The city is weighing plans to grab three abandoned Coney Island lots from developers by invoking the power of eminent domain, which allows the government to seize private property for the public’s use.
The largest space being eyed by New York’s Parks Department is a 60,000-square-foot tract near West 15th Street, the site of the original Thunderbolt roller coaster — featured in Woody Allen’s Annie Hall — which stopped functioning in 1982 and was razed in 2000 on orders by former Mayor Rudy Giuliani, reports the New York Post. (A sleek new version of the thrill ride was built last year on an adjacent sliver of land owned by the city.)
All three spaces, which span a total of 75,000 square feet, were included in former Mayor Michael Bloomberg’s 2009 rezoning plan to create one, long stretch of amusement attractions and green spaces along Coney Island’s waterfront, connecting the Parachute Pump, the Wonder Wheel and the Cyclone. The other lots in question are located off the Riegelmann Boardwalk near West 12th Street and West 23rd Street.
Bloomberg’s Coney Island project was initially stalled during a heated standoff with local developer Joe Sitt, who is behind Coney Island Art Walls and Smorgasburg. The city wound up paying Sitt a whopping $95.6 million for seven acres of land for the construction of Luna Park and other attractions.
The languishing lots are owned by the heirs of Kansas Fried Chicken mogul Horace Bullard — who, ironically, was a strong advocate for the revitalization Coney Island until he died in 2013 — the same family that has refused to sell or maintain Coney Island’s historic but deteriorating Shore Theater. City officials told the Post that they are forced to utilize eminent domain because all efforts to settle on “fair-market” price tag with the owners have failed.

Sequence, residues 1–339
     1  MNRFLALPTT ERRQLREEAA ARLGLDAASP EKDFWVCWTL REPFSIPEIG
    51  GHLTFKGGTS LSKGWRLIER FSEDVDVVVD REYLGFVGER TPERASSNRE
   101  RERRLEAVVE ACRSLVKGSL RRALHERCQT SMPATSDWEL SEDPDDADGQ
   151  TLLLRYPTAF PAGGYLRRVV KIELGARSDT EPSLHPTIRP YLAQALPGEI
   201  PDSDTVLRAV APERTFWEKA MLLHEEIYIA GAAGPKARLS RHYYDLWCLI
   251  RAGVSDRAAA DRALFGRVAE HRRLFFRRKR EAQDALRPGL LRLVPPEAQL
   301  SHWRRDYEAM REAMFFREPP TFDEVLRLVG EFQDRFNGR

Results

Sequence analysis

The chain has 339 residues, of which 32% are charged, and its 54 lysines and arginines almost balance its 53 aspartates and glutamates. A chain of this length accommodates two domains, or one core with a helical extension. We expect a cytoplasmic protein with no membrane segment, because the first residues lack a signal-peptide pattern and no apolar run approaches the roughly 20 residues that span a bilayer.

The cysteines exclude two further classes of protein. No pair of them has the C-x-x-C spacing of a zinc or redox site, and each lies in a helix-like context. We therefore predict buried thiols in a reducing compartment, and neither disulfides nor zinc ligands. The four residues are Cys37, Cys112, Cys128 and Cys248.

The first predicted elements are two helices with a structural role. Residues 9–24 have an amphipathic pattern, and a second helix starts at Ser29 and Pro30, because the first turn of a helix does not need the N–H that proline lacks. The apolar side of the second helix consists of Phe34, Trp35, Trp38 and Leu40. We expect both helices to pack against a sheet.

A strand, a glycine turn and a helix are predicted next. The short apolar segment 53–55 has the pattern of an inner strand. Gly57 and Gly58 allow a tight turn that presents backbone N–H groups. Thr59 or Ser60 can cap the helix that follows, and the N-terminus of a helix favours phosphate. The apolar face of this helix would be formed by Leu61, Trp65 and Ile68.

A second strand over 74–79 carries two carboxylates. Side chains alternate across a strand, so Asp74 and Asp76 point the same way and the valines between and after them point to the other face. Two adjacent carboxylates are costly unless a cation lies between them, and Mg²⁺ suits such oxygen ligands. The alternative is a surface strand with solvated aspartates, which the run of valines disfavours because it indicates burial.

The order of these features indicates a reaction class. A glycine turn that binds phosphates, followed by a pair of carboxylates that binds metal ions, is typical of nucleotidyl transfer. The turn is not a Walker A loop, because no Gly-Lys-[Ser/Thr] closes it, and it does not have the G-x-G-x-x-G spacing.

Councilman Mark Treyger, whose district includes most of Coney Island, weighed in on the fate of the empty lots on Facebook yesterday.
“It is always preferable for normal and regular real estate business to take place. At the same time, it is extremely frustrating for residents and myself to walk by and see vacant lots holding back our ability to actualize a common vision for the future of our iconic neighborhood,” wrote Treyger. “The community and I will not be held hostage by developers simply speculating on how much wealth they can accumulate when the needs of the people of my district should come first.”
Treyger added that while he supported the city’s move to seize the land, a comprehensive plan for Coney Island must include infrastructure improvements, expanded transportation options, and year-round attractions that benefit Coney Island’s existing population and business community.
The city’s Parks Department also defended its move to seize the land in a statement.
“NYC Parks’ activation of these vacant lots has been planned and supported by the community for many years,” Parks’ spokesperson Crystal Howard told Gothamist. “It’s a significant step toward increased parkland for the neighborhood, and providing improvements like new sewers and roads, and the development of much-needed mixed-income housing that the neighborhood badly needs.”
Neighbors are invited to attend public hearing on Coney’s waterfront lots on October 19 at 1:30pm, at Coney Island Hospital, located at 2601 Ocean Parkway.
Correction: An earlier version of this post identified Horace Bullard as owner of the Kentucky Fried Chicken franchise. He owned Kansas Fried Chicken.